The task force has been working for several months now on the challenge of increasing the rate of Idaho residents who go on to further their education after high school.


(The task force met June 9, 2017 in Boise. Screen grab from Boise State University Television)

“There are roughly 100,000 students in our higher ed system today,” Lokken said in opening today’s meeting at Boise State University. “Assuming that we get a little bit more efficient at producing degrees and lessening drop-out rate, we’re probably talking around additional 40,000 students enrolled in higher ed at the point we get to 60%. That’s effectively two more Boise State Universities.”

What would that system look like in Idaho, delivering education to 40,000 more people than it does right now?

When Idaho Governor Butch Otter announced the state’s Task Force on Higher Education back in January, he said, “We seek to make more rapid progress toward our “Go On” goal of 60 percent of Idahoans between the ages of 25 and 34 attaining a postsecondary degree or certification by 2020. We know that Idaho’s future economic prosperity depends on our ability to develop a more skilled and educated workforce.”

On February 1, Otter announced the 36 members of the task force and said it would be co-chaired by Lokken, CEO of WhiteCloud Analytics Inc. and chairman of the Idaho Business for Education board of directors, and Dr. Linda Clark, vice president of the State Board of Education.

Lokken said Friday that the numbers are significant. He said the state is spending about $1.1 billion on higher education, and if the state is going to increase degrees by 50%, “it’s hard for me to imagine how we’re going to grow the budget by 50%.”

Lokken said one-third of that budget comes from tuition, one-third comes from state fees, and one-third from grants. “The magnitude of the problem we’re dealing with is starting to take shape,” he said.

Among the issues the task force is looking at is the demographics of the 40,000 people not continuing their education in some way– what are the needs of that group, in addition to the needs of the 100,000 people already in?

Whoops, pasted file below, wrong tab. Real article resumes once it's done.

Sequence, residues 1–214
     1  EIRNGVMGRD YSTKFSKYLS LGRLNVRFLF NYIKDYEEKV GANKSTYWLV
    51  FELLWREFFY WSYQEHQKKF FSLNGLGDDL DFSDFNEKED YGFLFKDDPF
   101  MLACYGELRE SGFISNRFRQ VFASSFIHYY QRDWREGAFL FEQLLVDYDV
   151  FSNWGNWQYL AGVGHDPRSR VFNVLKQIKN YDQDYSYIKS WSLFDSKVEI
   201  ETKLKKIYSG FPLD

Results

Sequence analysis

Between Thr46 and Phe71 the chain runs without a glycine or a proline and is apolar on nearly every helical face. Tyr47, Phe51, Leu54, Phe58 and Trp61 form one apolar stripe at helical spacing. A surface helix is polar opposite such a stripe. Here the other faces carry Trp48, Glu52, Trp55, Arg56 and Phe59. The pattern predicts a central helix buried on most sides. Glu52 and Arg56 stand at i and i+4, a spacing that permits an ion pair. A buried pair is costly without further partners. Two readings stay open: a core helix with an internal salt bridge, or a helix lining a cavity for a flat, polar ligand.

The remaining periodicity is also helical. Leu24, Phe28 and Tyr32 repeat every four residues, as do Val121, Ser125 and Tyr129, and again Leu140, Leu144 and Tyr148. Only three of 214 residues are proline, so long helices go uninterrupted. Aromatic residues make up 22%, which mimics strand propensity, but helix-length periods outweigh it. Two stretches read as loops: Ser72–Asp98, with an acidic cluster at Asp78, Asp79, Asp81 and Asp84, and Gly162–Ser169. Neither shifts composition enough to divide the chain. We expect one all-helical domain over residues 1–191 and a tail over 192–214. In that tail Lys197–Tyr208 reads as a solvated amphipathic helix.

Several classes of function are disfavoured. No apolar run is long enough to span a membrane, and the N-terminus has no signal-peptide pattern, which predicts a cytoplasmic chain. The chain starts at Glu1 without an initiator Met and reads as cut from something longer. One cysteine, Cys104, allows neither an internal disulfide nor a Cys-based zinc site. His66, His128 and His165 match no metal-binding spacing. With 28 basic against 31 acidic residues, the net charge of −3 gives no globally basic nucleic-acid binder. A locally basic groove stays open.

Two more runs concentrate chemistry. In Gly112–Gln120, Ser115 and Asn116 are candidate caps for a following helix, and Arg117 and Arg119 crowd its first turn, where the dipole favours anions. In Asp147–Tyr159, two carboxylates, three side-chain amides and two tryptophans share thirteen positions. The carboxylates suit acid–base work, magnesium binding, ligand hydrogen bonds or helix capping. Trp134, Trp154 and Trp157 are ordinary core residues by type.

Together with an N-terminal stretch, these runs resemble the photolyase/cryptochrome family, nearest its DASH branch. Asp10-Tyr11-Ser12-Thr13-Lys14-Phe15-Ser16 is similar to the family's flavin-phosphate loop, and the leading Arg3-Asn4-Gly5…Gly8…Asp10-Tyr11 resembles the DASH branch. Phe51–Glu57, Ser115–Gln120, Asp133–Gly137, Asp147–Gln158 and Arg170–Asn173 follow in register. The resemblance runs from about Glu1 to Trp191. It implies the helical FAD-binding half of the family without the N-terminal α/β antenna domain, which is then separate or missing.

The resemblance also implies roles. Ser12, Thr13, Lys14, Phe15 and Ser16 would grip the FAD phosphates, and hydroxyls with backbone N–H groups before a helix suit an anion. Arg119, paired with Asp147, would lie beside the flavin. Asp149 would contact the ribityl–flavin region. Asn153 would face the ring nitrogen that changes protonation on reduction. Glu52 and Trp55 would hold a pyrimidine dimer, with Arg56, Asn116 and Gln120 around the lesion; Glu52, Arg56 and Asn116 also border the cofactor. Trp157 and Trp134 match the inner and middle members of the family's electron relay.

Some members also talked about achieving the 60% goal in 2025.

Task force members said today they had been talking about the perception of the value of education beyond high school, college and career advising, dual-credit classes, online education, the academic rigor during the senior year of high school, post-secondary recruitment and retention, marketing, and the cost of education.

“Today education is facing a huge technology change, just as agriculture did,” Idaho State Board of Education President Emma Atchley said. “We must embrace it and we must go forward with it.”

One task force committee discussed online and digital learning as a new delivery system, designed specifically to address “the access and affordability problems inherent in the geography bound group of people who are not getting on to secondary education.” Committee members discussed an online portal system to improve access to people who can’t move to a campus to continue their education.

Another idea that came up during conversation is a 24/7 coaching center to get information to people as they need it, to improve recruitment and retention.

What’s needed, Lokken said, is a realistic road map. The task force has to come up with recommendations that have a viable chance of getting acted upon and have a viable chance of getting the state to the 60% goal.

“When you look at the scope of the 60% goal,” Lokken said, “I think we as a task force have a choice we’re going to be making over the next couple of months. We’re either going to have to go bold, and have a shot, even though we don’t know how maybe all the pieces would come together in the final game, or we’re going to go modest, and we might score some victories, but it’s unlikely we would get to 60%.”

Posted June 9, 2017